Theme: India’s foreign policy in the 21st century will remain rooted in core values, but Delhi must necessarily adapt to changing external circumstances and shifting domestic needs.
Summary: India’s foreign policy faces five important challenges in the years to come: (1) the creation of an area of peace and prosperity in the South-Asian Subcontinent; (2) the construction of a stable architecture for peace and cooperation in Asia; (3) the peaceful management of Asia’s maritime commons; (4) a new internationalism that will be shaped by a deepening integration with the global economy and an effective contribution to the management of global problems; and (5) a clear line between celebrating its own democratic values and imposing them on others.
Keywords: India, foreign policy, peace, prosperity, regional architecture, Asia’s maritime commons, new internationalism, democratic values.
Analysis: The word ‘new’ in the title of this analysis refers to the substantive changes in India’s foreign policy orientation in recent years. While the notion of ‘non-alignment’ continues to animate the domestic and international discourse on India’s foreign policy, Delhi’s international engagement has significantly evolved over the past two decades. India’s perception of itself and its role in the world have been dramatically transformed.
If change, indeed, has been the central theme of India’s foreign policy in recent years, nowhere is it more evident than in its relations with the great powers. During the Cold War, India steadily drifted towards the Soviet Union and its relations with all the other major centres of power –the US, Western Europe, China and Japan– remained underdeveloped. However, from being ‘estranged democracies’ just a few years ago, India and the US are now locked in an unprecedented engagement, at once intense and expansive. After the prolonged chill in India’s bilateral relations with China from the 1960s to the 1980s, Beijing is now India’s largest trading partner in goods, and while it is building strategic partnerships with the EU and Japan, India has also managed to hold on to its special relationship with post Soviet Russia.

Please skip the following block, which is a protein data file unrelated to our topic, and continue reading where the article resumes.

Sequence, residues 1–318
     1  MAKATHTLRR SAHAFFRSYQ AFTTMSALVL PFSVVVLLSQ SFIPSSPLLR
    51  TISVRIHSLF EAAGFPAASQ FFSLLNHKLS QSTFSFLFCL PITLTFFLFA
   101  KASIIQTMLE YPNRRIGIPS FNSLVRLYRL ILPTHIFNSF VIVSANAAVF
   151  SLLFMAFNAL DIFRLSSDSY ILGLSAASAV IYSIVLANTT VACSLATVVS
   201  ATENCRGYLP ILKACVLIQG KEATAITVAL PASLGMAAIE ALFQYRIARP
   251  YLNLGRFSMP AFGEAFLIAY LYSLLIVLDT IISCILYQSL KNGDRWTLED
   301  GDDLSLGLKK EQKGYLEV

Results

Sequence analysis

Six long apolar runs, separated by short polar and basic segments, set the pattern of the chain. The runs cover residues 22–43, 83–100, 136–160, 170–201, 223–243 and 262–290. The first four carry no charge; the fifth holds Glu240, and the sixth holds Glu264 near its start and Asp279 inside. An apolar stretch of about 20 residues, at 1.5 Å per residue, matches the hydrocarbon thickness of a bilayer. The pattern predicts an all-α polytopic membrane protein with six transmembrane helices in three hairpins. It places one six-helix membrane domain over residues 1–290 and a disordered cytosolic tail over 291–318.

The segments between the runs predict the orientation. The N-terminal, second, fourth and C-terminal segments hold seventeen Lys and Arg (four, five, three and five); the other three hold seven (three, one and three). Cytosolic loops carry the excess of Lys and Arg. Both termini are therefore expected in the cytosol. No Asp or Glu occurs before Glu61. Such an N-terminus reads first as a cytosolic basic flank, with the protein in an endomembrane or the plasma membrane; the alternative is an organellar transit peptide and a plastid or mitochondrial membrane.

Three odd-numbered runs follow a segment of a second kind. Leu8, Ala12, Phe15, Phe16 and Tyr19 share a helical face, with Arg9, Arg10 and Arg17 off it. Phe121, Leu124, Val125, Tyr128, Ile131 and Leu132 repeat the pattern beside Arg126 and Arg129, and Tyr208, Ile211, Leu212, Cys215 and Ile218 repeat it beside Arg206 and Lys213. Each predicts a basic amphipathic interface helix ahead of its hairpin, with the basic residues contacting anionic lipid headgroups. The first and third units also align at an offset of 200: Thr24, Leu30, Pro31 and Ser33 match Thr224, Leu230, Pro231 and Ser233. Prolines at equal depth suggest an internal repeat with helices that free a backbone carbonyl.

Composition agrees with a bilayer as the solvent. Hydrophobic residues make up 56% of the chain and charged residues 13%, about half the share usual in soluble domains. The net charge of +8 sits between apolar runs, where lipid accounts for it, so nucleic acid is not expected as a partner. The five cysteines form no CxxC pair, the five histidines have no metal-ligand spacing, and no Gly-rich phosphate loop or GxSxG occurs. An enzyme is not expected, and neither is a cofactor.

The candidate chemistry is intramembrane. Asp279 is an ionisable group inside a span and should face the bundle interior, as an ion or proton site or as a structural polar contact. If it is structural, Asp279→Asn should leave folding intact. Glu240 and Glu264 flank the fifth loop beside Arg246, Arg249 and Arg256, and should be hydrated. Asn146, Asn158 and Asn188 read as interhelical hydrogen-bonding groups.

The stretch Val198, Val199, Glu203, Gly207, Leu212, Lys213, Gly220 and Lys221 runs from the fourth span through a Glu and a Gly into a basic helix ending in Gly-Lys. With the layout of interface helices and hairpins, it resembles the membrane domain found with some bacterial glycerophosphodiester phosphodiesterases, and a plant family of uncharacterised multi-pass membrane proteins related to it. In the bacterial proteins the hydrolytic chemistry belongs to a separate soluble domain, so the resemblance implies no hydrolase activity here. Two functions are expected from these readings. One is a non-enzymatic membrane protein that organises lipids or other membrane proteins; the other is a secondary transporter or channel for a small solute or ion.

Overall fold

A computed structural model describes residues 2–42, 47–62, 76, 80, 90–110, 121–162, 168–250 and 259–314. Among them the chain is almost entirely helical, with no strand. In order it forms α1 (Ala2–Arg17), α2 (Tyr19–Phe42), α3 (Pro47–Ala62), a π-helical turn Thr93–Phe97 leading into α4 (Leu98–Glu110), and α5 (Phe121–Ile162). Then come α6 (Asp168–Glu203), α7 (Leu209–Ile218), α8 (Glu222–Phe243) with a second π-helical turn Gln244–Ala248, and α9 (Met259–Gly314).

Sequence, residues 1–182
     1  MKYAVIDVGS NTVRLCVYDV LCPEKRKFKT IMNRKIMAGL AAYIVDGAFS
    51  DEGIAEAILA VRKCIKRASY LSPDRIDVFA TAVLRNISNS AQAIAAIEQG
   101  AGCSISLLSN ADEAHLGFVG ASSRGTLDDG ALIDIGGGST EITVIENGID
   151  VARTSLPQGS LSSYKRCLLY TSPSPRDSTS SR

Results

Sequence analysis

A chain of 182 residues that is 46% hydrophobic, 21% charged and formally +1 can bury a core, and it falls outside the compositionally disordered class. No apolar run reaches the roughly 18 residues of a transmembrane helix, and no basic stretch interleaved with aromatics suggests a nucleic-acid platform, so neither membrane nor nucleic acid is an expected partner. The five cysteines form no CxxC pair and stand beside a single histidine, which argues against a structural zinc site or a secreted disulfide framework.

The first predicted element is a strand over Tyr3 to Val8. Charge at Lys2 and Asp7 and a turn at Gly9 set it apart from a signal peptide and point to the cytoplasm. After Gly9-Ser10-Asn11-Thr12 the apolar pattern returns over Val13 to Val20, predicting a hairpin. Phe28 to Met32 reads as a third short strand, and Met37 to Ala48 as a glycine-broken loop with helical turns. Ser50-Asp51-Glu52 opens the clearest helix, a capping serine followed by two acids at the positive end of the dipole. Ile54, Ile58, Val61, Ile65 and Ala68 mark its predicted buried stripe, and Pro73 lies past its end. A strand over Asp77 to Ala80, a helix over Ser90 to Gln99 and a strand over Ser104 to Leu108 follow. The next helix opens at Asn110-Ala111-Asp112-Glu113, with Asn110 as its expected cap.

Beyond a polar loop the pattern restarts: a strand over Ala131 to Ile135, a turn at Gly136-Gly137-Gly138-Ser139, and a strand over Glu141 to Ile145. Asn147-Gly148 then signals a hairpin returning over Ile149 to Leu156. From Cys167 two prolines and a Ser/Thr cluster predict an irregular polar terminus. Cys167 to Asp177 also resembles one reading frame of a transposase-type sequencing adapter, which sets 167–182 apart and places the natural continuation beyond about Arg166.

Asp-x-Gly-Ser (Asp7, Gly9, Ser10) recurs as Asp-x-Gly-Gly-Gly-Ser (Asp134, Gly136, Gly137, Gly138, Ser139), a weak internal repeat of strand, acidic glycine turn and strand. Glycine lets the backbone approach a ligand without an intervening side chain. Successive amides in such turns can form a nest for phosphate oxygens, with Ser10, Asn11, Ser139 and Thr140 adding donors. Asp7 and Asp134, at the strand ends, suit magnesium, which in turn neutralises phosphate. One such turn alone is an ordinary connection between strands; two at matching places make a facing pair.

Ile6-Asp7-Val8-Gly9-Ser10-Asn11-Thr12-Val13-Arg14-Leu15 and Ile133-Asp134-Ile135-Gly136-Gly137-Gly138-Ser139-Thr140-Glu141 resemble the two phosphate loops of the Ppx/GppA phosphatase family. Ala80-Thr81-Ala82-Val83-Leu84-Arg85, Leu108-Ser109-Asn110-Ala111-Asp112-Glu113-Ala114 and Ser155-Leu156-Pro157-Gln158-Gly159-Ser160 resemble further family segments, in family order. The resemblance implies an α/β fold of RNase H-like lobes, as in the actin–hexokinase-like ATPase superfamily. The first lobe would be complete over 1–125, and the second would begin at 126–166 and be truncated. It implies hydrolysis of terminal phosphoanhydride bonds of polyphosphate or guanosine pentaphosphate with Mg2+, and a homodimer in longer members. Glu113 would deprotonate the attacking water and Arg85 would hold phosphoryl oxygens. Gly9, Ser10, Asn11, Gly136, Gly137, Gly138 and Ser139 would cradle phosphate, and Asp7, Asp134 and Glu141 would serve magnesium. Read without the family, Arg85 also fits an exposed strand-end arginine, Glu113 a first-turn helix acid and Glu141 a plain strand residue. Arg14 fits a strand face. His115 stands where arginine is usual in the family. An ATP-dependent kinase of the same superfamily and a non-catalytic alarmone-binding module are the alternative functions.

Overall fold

Nevertheless, while change has been the trend of the times, the foreign policies of large countries like India are always rooted in a set of core values. These do not change with the usual turnover of governments and leaders and nor do they alter much over time. India’s commitment to internationalism, independence of judgement in the conduct of external relations, support for world democratisation and contributions to the maintenance of international peace and security are enduring legacies of India’s national movement and enjoy strong bipartisan support.
India’s foreign policy in the 21st century will remain rooted in these core values, but Delhi must necessarily adapt to changing external circumstances and its shifting domestic needs. Its main purpose, however, will remain the same: the creation of a favourable external environment for the rapid improvement of the living standards of the Indian people.